Dispose of foods and medicines that may have come into contact with floodwater. Dry out water-damaged furnishings and clothing as soon as possible to prevent molding, fading, and deterioration. You may wish to take some items to a reliable dry cleaner or have them removed by a company that specializes in natural disaster contamination.
You’ll want to take steps to secure the structure of your home so that potential hazards are minimized and further damage does not occur. Also board up any open doors or broken windows to deter trespassers and to protect remaining items within the home against theft. If you made temporary repairs, keep your receipts and don’t overpay for temporary work. Although you can be reimbursed by your insurance company for temporary repairs, the cost of the temporary work will go towards your policy limit.
Work as a Team with Your Adjuster
It is your adjuster’s job to assist you in the claim process. The adjuster will inspect your list of lost or damaged property and work with you to calculate the value of the items on your list. You and the adjuster should come to an agreement as to the scope of damage, which is an agreement without a dollar amount, of what needs to be repaired or replaced.
Make sure you clear on what needs to be done to follow up. If you’re unclear about your next steps, ask the adjuster for instructions in writing.
Finalize the Claim
Don’t rush to settle your insurance claim. It may take time to discover all of the damages and some may be overlooked or not yet be apparent in early estimates. You may also settle personal property (such as clothing, jewelry, etc.) and structural (such as roofing, foundation, etc.) claims at different times. Filing these separately may allow you to better understand and document your losses to the fullest extent.
If you and your adjuster cannot reach a settlement, you may obtain mediation through your state’s Department of Insurance. Mediation is an informal process where a neutral third party tries to help the parties resolve the dispute. However, if you are not satisfied with your settlement or progress of mediation, contact an attorney to further assist you in finalizing your claim.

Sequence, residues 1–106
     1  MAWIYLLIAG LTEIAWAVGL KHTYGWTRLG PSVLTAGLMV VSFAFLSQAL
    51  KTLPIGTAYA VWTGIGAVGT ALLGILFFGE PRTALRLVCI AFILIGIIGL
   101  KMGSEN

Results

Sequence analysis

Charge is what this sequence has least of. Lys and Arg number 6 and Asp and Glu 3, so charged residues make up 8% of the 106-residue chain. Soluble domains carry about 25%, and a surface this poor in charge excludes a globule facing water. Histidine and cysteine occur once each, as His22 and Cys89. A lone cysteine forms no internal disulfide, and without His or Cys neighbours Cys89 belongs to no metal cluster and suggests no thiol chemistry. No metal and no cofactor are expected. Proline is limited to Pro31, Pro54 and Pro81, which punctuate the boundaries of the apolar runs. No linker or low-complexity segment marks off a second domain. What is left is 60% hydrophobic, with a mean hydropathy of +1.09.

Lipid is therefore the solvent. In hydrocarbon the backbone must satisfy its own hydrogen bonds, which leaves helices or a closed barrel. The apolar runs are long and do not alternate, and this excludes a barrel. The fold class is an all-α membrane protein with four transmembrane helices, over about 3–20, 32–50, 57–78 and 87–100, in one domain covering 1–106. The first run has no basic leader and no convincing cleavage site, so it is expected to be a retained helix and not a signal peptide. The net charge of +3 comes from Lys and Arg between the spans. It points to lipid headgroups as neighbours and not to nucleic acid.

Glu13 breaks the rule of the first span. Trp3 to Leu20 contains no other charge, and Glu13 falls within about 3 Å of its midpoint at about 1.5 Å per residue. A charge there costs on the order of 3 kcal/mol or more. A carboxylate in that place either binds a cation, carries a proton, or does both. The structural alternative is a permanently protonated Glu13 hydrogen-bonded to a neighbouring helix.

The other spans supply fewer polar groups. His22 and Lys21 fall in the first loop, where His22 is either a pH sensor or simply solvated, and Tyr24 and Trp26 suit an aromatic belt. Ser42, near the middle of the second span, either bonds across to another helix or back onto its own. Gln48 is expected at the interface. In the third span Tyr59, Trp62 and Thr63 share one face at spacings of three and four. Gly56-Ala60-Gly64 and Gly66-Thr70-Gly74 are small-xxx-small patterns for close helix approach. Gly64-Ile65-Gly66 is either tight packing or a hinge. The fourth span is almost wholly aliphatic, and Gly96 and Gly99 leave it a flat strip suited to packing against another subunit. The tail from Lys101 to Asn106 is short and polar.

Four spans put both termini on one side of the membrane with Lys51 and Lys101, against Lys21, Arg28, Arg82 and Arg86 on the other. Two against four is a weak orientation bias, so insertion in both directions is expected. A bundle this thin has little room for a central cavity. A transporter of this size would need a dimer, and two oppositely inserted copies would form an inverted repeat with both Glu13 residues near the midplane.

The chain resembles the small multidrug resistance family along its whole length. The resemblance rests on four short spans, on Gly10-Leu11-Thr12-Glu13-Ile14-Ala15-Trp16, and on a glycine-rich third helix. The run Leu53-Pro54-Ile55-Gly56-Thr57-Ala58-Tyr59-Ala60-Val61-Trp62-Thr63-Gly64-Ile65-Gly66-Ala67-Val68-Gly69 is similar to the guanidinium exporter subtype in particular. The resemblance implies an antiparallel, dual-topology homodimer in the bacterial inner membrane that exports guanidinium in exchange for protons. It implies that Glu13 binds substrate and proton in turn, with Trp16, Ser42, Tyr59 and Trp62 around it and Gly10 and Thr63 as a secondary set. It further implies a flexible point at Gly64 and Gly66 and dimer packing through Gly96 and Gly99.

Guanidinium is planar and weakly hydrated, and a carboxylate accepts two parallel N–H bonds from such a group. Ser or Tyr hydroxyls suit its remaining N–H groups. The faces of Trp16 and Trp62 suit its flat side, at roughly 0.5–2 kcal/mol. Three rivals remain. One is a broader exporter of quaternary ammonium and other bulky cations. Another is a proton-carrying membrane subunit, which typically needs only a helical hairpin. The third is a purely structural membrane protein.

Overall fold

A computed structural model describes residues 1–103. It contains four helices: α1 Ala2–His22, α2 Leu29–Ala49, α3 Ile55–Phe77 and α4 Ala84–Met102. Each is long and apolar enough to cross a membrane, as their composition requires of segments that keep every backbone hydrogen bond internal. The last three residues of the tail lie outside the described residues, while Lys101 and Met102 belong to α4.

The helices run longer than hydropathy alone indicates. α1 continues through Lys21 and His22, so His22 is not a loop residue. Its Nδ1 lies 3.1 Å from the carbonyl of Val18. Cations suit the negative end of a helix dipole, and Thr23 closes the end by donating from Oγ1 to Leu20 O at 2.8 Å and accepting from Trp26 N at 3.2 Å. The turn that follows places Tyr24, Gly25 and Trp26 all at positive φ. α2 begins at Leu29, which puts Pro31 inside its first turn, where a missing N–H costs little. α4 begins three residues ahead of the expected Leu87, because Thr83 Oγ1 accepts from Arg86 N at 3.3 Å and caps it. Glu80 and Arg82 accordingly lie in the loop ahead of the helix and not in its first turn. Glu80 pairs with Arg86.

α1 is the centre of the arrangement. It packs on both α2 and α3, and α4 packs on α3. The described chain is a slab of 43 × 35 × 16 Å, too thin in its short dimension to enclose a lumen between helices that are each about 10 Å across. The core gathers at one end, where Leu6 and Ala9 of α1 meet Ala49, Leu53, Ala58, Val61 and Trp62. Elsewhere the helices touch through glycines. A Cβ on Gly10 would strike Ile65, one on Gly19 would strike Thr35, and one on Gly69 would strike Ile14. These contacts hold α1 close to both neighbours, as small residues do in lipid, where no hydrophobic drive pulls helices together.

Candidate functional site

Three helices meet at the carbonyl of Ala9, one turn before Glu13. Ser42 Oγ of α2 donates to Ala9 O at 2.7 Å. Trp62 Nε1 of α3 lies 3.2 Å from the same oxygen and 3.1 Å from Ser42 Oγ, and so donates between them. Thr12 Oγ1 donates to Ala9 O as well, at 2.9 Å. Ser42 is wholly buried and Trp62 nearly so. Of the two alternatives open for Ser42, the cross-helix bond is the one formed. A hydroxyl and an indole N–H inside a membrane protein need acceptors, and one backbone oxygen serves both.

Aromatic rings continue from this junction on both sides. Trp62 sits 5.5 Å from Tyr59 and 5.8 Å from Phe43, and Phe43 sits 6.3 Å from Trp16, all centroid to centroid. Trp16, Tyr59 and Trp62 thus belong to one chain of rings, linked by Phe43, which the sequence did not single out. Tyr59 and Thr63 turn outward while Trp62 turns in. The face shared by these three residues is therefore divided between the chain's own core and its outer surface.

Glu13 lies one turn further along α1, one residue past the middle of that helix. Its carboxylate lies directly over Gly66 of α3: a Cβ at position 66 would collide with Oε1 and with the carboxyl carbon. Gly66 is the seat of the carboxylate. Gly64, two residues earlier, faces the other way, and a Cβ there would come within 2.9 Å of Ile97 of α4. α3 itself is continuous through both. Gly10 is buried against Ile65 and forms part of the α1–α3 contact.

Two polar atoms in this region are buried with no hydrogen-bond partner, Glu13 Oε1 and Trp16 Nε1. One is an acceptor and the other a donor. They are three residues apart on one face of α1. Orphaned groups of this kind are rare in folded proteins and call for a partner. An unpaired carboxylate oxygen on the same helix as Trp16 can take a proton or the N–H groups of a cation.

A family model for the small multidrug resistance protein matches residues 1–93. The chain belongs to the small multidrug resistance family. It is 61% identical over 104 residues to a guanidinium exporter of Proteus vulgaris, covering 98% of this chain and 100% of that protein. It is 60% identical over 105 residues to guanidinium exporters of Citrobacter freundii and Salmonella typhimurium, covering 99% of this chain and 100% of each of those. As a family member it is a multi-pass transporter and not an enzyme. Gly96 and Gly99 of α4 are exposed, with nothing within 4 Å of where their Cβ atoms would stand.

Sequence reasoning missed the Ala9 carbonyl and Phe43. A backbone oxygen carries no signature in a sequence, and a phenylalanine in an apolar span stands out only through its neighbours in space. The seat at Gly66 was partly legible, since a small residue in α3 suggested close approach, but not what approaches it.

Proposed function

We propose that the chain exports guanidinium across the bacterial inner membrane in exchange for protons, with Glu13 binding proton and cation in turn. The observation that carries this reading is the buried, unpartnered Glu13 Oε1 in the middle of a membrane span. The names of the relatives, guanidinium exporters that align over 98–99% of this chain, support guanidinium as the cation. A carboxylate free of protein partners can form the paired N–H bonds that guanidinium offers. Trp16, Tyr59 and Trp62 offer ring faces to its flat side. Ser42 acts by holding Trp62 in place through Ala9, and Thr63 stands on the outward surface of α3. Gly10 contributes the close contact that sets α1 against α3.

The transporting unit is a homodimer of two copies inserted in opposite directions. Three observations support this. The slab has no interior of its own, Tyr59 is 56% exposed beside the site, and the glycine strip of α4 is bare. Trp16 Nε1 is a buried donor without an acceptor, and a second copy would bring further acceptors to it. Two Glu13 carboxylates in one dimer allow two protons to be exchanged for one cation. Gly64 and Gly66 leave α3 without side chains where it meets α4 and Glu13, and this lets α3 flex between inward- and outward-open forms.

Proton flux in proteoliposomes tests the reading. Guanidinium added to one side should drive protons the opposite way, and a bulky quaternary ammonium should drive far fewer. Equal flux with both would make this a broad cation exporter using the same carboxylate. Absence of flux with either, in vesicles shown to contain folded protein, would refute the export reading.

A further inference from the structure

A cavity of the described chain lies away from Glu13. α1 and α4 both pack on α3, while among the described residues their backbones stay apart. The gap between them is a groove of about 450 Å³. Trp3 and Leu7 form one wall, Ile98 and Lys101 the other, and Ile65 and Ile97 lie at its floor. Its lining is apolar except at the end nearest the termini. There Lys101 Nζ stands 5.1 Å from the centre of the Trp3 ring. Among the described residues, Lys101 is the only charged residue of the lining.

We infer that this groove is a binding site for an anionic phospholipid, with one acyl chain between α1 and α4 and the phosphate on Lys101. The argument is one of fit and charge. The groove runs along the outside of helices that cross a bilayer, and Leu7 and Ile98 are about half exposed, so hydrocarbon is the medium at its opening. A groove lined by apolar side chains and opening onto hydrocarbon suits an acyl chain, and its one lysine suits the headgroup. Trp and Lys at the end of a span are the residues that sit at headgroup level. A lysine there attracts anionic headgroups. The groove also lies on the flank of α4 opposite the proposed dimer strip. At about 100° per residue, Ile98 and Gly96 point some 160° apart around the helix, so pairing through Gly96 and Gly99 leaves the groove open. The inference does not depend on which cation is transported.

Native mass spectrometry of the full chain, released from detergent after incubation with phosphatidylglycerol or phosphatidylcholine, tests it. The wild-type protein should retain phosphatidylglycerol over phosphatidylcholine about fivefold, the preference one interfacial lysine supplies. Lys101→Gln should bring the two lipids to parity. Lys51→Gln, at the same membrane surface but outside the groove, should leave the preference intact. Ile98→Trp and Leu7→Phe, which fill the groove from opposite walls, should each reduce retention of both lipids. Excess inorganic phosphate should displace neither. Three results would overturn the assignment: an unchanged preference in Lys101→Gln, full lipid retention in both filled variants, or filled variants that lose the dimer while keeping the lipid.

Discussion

Rebuild Your Life
After your claim is final, your insurance company may pay you a sum equal to the actual cash value of your loss unless you request minimal repairs. Some policies require the insurance company to withhold the balance of the full replacement cost until after you complete the repairs.
Be sure that any contractor you or your insurance company hires to restore your home has a proper license to complete the work. It is not uncommon for undependable workers to enter a damaged area, make cheap repairs, and leave before the residents discover that the repairs are inadequate. Get a written estimate that includes any and all work promises by the contractor. Remember to ask if there’s a charge for an estimate before allowing any contractor into your home.
Your road to recovery may be long, but will pay off if you are patient and thorough throughout the process. If you’re in the process of filing a claim for flood damage in Arkansas or are going through the mediation process and are unsatisfied with the services you’re getting, McMath Woods P.A. may be able to help. Contact our law firm in Little Rock today to find out how we can help you and your family move forward.